0
We're unable to sign you in at this time. Please try again in a few minutes.
Retry
We were able to sign you in, but your subscription(s) could not be found. Please try again in a few minutes.
Retry
There may be a problem with your account. Please contact the AMA Service Center to resolve this issue.
Contact the AMA Service Center:
Telephone: 1 (800) 262-2350 or 1 (312) 670-7827  *   Email: subscriptions@jamanetwork.com
Error Message ......
Case Report/Case Series |

Central Nervous System Manifestation of IgG4-Related Disease FREE

Keren Regev, MD1; Tami Nussbaum, MD1; Emanuela Cagnano, MD2; Nir Giladi, MD1; Arnon Karni, MD, PhD1
[+] Author Affiliations
1Department of Neurology, Tel Aviv Sourasky Medical Center, Tel Aviv University, Tel Aviv, Israel
2Department of Pathology, Tel Aviv Sourasky Medical Center, Tel Aviv University, Tel Aviv, Israel
JAMA Neurol. 2014;71(6):767-770. doi:10.1001/jamaneurol.2014.40.
Text Size: A A A
Published online

Importance  IgG4-related disease (IgG4-RD) is characterized by an inflammatory reaction rich in IgG4-positive plasma cells. Head and brain involvement is rare in IgG4-RD, and brain parenchyma involvement has never been reported.

Observation  A man in his mid-50s with multiorgan IgG4-RD developed progressive spastic hemiparesis and dementia. Magnetic resonance imaging of the brain revealed several cortical and subcortical lesions. Pathologic findings in the brain were consistent with IgG4-related central nervous system involvement. The patient was treated with high-dose corticosteroids followed by rituximab, and his cognitive and motor functions improved significantly.

Conclusions and Relevance  IgG4-RD should be considered in patients with unusual neurologic manifestations suggestive of autoimmune disease.

Figures in this Article

IgG4-related disease (IgG4-RD) is a recently defined condition of unknown origin that can be found in many organs of the body.1 The disease usually affects middle-aged and elderly patients,2 and multiple organs are involved in 60% to 90% of all patients.3 IgG4-RD is characterized by tumorlike swelling of involved organs, with a dense lymphoplasmacytic infiltrate that is rich in IgG4-positive plasma cells that are organized in a storiform pattern of fibrosis.1 It is associated with obliterative phlebitis and a mild to moderate eosinophil infiltrate.1,4,5 Most patients with IgG4-RD have an elevated IgG4 serum concentration. The 2 prominent presentations of this condition are type 1 autoimmune pancreatitis and salivary gland disease. There are published descriptions of hypertrophic pachymeningitis, inflammatory lesions of the pituitary gland, inflammatory orbital pseudotumor, pterygopalatine fossa, and cranial nerve involvement in IgG4-RD.610 However, head and brain involvement is rare, and, to our knowledge, central nervous system (CNS) tissue involvement in IgG4-RD has never been reported.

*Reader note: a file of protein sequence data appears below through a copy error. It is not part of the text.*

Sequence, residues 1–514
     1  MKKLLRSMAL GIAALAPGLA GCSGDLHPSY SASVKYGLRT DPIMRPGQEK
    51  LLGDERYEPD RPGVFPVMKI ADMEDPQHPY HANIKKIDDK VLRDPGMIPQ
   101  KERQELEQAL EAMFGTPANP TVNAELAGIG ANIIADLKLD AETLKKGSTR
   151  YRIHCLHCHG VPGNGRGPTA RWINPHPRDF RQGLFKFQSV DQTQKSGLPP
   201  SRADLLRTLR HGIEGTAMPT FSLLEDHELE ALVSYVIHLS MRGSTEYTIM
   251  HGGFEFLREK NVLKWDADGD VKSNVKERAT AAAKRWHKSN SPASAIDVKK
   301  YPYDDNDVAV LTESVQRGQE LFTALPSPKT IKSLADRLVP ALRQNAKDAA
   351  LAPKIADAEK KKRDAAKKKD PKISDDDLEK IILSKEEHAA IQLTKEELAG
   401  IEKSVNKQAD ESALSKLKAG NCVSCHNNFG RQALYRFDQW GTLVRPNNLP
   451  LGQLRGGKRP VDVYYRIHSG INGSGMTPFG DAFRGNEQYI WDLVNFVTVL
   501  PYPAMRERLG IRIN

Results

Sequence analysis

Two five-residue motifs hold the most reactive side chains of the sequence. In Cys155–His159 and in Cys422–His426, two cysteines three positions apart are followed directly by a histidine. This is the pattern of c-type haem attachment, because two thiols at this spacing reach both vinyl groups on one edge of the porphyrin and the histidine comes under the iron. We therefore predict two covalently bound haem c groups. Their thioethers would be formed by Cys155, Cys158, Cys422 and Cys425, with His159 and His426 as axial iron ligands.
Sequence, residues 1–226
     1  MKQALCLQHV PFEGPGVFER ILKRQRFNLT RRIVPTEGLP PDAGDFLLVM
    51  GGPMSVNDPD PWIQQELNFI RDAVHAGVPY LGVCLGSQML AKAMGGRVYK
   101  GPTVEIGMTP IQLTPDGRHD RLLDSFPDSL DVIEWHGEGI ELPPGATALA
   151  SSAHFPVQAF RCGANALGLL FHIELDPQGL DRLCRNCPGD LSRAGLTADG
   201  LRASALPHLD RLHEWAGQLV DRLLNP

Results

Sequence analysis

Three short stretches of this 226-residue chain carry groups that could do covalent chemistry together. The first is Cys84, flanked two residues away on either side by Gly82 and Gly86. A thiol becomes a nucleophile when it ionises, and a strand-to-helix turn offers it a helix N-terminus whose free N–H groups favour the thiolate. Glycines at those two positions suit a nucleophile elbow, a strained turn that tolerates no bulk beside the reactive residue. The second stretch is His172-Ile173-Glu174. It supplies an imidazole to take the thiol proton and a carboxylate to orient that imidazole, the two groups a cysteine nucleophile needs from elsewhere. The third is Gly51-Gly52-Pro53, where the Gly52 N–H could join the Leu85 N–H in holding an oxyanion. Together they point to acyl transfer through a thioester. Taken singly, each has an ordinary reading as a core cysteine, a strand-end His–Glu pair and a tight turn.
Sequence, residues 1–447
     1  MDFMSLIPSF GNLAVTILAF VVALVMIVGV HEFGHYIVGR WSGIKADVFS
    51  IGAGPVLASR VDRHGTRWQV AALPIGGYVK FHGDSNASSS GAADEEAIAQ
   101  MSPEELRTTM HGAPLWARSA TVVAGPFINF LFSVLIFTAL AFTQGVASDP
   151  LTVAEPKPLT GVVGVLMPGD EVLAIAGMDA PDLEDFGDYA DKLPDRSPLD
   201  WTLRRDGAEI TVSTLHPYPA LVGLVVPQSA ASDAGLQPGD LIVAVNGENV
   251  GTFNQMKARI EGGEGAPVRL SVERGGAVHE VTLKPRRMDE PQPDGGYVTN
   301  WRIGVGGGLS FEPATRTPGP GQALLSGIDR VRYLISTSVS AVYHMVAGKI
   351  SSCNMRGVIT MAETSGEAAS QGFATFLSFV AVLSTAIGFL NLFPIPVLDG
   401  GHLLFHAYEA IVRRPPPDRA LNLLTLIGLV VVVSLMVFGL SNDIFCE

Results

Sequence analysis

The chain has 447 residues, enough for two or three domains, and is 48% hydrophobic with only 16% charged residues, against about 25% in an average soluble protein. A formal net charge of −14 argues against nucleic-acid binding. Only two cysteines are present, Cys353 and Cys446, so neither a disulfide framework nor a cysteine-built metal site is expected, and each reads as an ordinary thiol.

A consensus statement from a multinational, multidisciplinary group of experts on IgG4-RD describes guidelines for the diagnosis of the disease.11 These guidelines indicate that the histopathologic findings of a dense lymphoplasmacytic infiltrate, storiform fibrosis, and obliterative phlebitis are critical features for establishing the diagnosis in affected tissues. The number of IgG4-positive plasma cells per high-power field (HPF) is regarded as a sufficient criterion; however, this number varies among tissues. Overall, the minimum number of cells for establishing the diagnosis for most tissues ranges from 30 to 50 IgG4-positive cells per HPF. However, in some organs or tissues, including the kidney, as few as 10 IgG4-positive plasma cells per HPF may be sufficient.

Most patients respond to glucocorticoids symptomatically and in the reduction of mass size and decrease in IgG4 serum levels within several weeks.12 The use of steroid-sparing agents, such as azathioprine or mycophenolate mofetil, is advised for patients who are resistant to glucocorticoids or who are unable to have their glucocorticoid dose reduced sufficiently. The effects of these steroid-sparing agents on IgG4-RD, however, have not been evaluated adequately to clearly define their role in this condition. B-cell depletion therapy with rituximab is an effective treatment in many of the patients who do not respond well to glucocorticoids and other immunosuppressive medications.12,13

A man in his mid-50s presented with progressive left spastic hemiparesis, left hemimyoclonus, and cognitive decline. He had not been working since his current medical condition precluded him from doing so. His medical history is consistent with partial epilepsy with complex partial seizures that had first appeared 15 years earlier. The seizures were of temporal lobe origin, and left temporal ictal epileptic activity was recorded during video electroencephalographic monitoring. Brain magnetic resonance imaging (MRI) revealed left mesial temporal sclerosis. He began treatment with a combination of topiramate, levetiracetam, and gabapentin and underwent implantation of a vagal nerve stimulator 2 years earlier.

The chronology of the patient’s disease course follows. Five years earlier, he presented with an enlarged parotid gland and underwent a parotid gland biopsy that revealed characteristics consistent with Mikulicz disease (ie, atrophy of the acinar parenchyma and diffuse replacement by lymphoid tissue). A year later, because of increased liver enzymes, he underwent a liver biopsy that revealed features of primary sclerosing cholangitis.